From garments that provide acupressure, to a practical jacket for dog walkers and an outfit that helps guide a visually impaired person, the winners from 2019’s Wool4School design competition were chosen for how well they incorporated technology to enhance the outfit’s purpose.
The theme of the 2019 edition of Wool4School challenged students to design a garment or outfit that embraces the use of technology to enhance garment performance or function. The participants took on this challenge and applied their talent into the designs that went above and beyond expectations.
“I was impressed with this year’s entries. They were very diverse from previous years and it really shows how students are absorbing the information,” said Wool4School Project Manager Ashley Hollis.
A panel of judges including leading Australian fashion designer Jonathan Ward and key industry representatives carefully assessed each submission before eventually deciding on the winners and runners-up.
Jonathan Ward highlighted the creative flair in the design of Year 10 winner Prue Spencer, whose entry was designed to enhance the lives of blind and visually impaired teenagers-young adults.
Wool4School Year 10 winner Prue Spencer from Genazzano FCJ College in Melbourne had her 2019 winning design turned into reality by leading Australian fashion designer Jonathan Ward. Prue’s winning design ‘Dressed to See’ features cutting edge technologies that work together to guide a visually impaired or blind person.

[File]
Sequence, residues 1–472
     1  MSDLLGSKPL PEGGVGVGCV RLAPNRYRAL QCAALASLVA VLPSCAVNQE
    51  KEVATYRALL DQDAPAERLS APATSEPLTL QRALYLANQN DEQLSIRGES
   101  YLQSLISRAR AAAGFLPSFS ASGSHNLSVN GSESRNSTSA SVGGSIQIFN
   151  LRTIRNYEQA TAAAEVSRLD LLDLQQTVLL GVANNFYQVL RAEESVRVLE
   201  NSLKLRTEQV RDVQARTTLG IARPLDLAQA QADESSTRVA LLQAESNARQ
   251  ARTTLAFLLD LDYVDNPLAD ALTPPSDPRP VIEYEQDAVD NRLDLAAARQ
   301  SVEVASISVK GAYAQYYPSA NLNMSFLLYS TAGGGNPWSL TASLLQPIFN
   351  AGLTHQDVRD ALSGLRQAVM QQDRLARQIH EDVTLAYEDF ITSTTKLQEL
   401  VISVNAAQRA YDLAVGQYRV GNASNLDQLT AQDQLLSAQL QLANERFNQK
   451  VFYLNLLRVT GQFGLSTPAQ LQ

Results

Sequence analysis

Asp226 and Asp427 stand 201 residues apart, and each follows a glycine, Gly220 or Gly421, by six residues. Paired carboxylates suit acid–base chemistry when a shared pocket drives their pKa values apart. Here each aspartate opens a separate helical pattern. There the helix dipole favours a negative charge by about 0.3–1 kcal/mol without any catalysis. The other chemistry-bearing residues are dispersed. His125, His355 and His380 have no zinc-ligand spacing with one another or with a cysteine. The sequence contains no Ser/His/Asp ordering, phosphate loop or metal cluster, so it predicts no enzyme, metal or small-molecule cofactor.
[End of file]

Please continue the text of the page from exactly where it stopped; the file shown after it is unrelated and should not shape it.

“Prue Spencer’s winning design answers the brief with a contemporary head-to-toe concept embracing Merino wool with technology in the garments and accessories. It’s exciting, colourful and concise in its presentation and creative flair titled ‘Dressed To See’.”
Prue said that fashion is more than just aesthetics, it is about helping a person reach their full potential by assisting them in a practical way.
“This was a great opportunity to emphasise the collaboration between design and disability,” she said. “There is no reason why fashion cannot have a positive impact on society by being a lens on popular culture and at the same time providing a practical aid to those with a disability.”
Now in its eighth year, Wool4School invites students to think about the versatility of various wool fabrics as part of a creative design of their own.
Wool4School has involved 100,000 students
First launched in 2012, Wool4School is an annual student design competition that has involved more than 100,000 students, not only learning the fundamentals of fashion design but also exploring the benefits and versatility of wool and the fabric it creates.
“The aim of the Wool4School design competition is to teach school-aged students the benefits of Australian wool so that these future designers and consumers understand wool’s benefits and are more likely to use Australian wool as their fibre of choice,” Ashley added.
Open to all Australian school students from years 7 to 12, the Wool4School competition invites students to design an outfit using a minimum 70% Australian wool. By putting wool into the minds of Australia’s future fashion designers, Wool4School encourages students’ innovative thinking and creative design, in keeping with The Woolmark Company’s tradition of fostering the education of the future generation.
On the back of the success of Wool4School in Australia, AWI now also runs the student design competition in the key markets of the United Kingdom, Hong Kong and Italy.